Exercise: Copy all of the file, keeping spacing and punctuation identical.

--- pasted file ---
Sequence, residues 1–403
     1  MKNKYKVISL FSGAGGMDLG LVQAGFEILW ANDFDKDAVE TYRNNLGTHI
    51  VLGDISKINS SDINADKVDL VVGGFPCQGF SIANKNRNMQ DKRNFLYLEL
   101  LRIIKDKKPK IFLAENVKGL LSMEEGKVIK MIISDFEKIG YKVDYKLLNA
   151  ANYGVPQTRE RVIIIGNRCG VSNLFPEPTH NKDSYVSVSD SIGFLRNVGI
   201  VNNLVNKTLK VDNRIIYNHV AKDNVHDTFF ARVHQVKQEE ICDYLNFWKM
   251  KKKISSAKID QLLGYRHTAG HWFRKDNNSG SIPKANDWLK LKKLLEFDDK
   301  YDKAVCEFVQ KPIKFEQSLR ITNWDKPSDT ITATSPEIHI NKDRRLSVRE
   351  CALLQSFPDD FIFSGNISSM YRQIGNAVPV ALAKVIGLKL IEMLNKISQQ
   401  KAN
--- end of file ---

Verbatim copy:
Sequence, residues 1–403
     1  MKNKYKVISL FSGAGGMDLG LVQAGFEILW ANDFDKDAVE TYRNNLGTHI
    51  VLGDISKINS SDINADKVDL VVGGFPCQGF SIANKNRNMQ DKRNFLYLEL
   101  LRIIKDKKPK IFLAENVKGL LSMEEGKVIK MIISDFEKIG YKVDYKLLNA
   151  ANYGVPQTRE RVIIIGNRCG VSNLFPEPTH NKDSYVSVSD SIGFLRNVGI
   201  VNNLVNKTLK VDNRIIYNHV AKDNVHDTFF ARVHQVKQEE ICDYLNFWKM
   251  KKKISSAKID QLLGYRHTAG HWFRKDNNSG SIPKANDWLK LKKLLEFDDK
   301  YDKAVCEFVQ KPIKFEQSLR ITNWDKPSDT ITATSPEIHI NKDRRLSVRE
   351  CALLQSFPDD FIFSGNISSM YRQIGNAVPV ALAKVIGLKL IEMLNKISQQ
   401  KAN